“I did say the offer was $150(K) and that is from Cecil Newton,” Moore explained during the 15-minute interview, which can be heard in its entirety by clicking HERE.  “Cecil Newton said that on the tape.  ‘$150,000 offer from Tennessee’, then he went up a week later to $200,000… and this is coming from Cecil Newton guys.  This didn’t come from Tennessee, it didn’t come from Auburn.

“This is [Cecil Newton] saying to Mississippi State, ‘Hey, I have an offer from Tennessee for $150(K)’ one week, coming back the next week and saying ‘I have an offer for $200,000.  I also have an offer for $180(K) from Auburn.  So hey guys, we’ll come to Mississippi State for $180,000.  So that is proved and that was said.”

Moore also repeated his claims that Cam Newton was around during at least one of his father’s discussions on schools bidding on his talents.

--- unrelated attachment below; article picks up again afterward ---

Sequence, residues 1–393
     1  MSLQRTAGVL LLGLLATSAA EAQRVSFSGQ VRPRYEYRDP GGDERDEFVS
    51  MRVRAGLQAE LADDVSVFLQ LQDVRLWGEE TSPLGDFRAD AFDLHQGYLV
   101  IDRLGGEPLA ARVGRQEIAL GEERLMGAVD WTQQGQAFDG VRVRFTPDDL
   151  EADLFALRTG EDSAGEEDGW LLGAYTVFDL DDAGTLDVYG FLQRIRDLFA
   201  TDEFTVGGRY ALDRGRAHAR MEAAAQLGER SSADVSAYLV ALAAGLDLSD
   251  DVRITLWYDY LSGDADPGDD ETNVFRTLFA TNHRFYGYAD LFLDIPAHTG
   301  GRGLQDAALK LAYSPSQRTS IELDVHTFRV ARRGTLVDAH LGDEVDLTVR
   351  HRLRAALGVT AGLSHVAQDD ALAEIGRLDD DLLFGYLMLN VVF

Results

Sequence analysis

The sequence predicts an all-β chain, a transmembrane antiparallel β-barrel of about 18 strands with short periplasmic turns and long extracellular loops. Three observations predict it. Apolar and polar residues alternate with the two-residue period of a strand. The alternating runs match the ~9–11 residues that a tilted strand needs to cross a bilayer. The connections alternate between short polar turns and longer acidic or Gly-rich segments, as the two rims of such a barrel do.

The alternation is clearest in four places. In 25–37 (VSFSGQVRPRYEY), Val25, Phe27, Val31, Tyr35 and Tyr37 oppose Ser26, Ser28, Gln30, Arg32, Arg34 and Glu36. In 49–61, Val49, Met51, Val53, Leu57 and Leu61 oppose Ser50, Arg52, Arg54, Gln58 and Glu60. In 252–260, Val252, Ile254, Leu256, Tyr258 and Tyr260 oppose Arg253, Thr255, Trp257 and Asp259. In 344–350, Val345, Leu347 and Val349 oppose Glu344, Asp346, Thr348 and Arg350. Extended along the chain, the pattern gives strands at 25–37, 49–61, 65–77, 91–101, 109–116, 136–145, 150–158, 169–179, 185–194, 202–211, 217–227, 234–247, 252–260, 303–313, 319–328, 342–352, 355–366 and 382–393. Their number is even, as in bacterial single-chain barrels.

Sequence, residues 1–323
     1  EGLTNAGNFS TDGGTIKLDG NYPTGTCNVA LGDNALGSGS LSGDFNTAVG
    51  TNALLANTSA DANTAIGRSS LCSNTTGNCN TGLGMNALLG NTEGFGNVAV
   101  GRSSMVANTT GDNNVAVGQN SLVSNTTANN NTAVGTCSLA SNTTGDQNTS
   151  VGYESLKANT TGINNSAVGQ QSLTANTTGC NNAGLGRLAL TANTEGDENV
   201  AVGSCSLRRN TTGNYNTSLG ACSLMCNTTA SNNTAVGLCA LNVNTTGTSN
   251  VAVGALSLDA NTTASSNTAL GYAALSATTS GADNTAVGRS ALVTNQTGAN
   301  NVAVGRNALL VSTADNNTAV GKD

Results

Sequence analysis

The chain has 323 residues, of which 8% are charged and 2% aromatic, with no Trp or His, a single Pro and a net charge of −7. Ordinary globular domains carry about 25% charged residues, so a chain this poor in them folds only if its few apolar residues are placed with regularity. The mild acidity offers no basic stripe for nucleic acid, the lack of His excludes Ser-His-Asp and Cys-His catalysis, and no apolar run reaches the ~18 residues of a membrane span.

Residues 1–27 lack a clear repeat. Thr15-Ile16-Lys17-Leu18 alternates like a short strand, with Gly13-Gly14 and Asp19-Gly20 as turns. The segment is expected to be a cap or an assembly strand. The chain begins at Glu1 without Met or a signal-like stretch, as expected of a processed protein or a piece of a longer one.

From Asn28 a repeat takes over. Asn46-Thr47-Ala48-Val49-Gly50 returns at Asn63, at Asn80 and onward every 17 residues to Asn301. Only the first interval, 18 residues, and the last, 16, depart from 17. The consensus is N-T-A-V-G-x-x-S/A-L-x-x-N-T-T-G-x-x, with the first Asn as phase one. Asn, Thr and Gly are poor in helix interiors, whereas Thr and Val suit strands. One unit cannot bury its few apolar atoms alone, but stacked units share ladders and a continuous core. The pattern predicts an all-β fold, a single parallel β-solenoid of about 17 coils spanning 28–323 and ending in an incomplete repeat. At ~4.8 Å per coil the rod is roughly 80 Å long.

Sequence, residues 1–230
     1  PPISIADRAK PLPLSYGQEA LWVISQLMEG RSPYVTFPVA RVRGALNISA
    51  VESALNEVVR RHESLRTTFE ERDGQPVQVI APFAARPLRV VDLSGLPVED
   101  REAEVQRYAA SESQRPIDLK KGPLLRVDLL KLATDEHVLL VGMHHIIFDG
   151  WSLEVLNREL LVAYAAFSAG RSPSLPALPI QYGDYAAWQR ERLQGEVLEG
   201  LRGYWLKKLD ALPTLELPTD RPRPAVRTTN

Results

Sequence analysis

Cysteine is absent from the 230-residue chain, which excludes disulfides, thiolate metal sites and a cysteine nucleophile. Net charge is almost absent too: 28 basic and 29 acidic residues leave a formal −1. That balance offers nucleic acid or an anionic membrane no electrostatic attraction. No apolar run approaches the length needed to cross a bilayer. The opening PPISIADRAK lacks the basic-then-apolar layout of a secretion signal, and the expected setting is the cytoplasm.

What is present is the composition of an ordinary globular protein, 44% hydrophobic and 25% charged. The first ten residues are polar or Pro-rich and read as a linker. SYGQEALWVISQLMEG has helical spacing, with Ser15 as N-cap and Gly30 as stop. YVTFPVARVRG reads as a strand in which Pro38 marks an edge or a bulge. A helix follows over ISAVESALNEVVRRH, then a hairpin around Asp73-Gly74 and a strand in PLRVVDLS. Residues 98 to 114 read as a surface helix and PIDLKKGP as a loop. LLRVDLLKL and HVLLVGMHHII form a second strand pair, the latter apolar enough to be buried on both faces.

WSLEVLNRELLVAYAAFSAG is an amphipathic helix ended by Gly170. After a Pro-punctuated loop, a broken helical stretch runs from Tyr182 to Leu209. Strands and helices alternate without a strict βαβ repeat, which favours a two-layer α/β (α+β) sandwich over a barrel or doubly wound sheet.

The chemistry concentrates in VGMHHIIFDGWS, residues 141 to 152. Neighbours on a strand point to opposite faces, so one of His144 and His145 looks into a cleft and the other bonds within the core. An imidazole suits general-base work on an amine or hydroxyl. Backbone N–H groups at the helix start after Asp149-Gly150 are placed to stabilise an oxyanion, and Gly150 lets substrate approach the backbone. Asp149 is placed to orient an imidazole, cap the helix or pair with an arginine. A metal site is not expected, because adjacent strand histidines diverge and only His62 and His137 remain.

“I do believe that Cam Newton knew.  I do believe that on these tapes when we play them that you’ll be able to tell Cam Newton knew what was going on.  That’s all I’ll say about that at this time,” Moore said during the interview. “That’s been Auburn’s stance all along is that… and the SEC’s really and the NCAA’s… ‘Cam didn’t know what his dad was doing’.  Well, so what?  His dad was shopping him around.  He should’ve been ineligible.  That’s the whole thing here.  And that’s all we’re trying to do, we’re trying to get this out and get the story answered.  Let the NCAA answer this thing, let the SEC answer this thing.  I wanna know why he was ruled ineligible for a couple of hours prior to the SEC championship game and I wanna know what the NCAA heard and I wanna know why they made their ruling.”